The deepest part of the ocean refers not to the distance from the sea floor to the centre of earth; but rather the depth below the surface of the water.

Yeah I know that much, but wouldn't you automatically assume that the bottom of the ocean right next to the poles would be lowest? Assuming that the poles are closer to the center than the equator?

Hootenanny
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Byrgg said:
Yeah I know that much, but wouldn't you automatically assume that the bottom of the ocean right next to the poles would be lowest? Assuming that the poles are closer to the center than the equator?
The lowest point in relation to the centre of the earth is not necessarily the deepest point in the oceans.

Yes I know that much, because the deepest point could be right around the equator or something, right? But if you take the poles, I'd think the oceans next to them would be deeper than the poles themselves, after all the distance to the center doesn't vary greatly in this manner unless you look at the poles compared to the equator, right?

Hootenanny
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Byrgg said:
Yes I know that much, because the deepest point could be right around the equator or something, right? But if you take the poles, I'd think the oceans next to them would be deeper than the poles themselves, after all the distance to the center doesn't vary greatly in this manner unless you look at the poles compared to the equator, right?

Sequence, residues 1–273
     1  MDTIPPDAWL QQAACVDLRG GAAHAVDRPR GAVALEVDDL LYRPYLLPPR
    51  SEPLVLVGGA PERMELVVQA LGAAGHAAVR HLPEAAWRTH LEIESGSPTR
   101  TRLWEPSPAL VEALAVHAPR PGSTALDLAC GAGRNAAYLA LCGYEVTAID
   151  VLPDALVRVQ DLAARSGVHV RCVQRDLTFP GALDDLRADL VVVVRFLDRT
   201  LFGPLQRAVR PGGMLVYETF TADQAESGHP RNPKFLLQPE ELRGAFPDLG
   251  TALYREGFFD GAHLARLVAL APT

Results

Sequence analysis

Yes you are correct.

So the greatest distance would'nt really be exactly at a pole unless there was water there, right? I'm not too up on my geography... is it only the south pole that has actual land mass on it? Or does the north pole have some too?

Hootenanny
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My major point in this is that you would have no idea of these value or facts for your examination, nor would you be expected to. Therefore, the expected answer would be the deepest part of the ocean. And yes, only the south pole is a land mass. The arctic circle is floating ice.

The deepest part of the ocean where exactly? On all of earth? Or the one near the poles like I said?

Hootenanny
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The deepest part of the ocean (i.e. the greatest depth below the surface of the water) is the Marianas Trench in the Pacific Ocean, which is the point I discussed above.

No... ugh, it's kind of hard to explain my thinking here... The deepest part of the ocean is as you said at Mariana's Trench, in the entire world... but since the poles are closer to the center of the earth... wouldn't the deepedt point there be the one closest to the earth? I'm not debating what you said that is indeed the greatest depth below the surface of the water, but I'm simply saying that deepest area at the poles is likely the one closest to the centre of the earth... as you said however, this is not necessarily the deepest point in the water. Did that clear up what I meant? I'm not too sure if I wasn't being specific enough at first or what... but that's more what I was thinking.

Hootenanny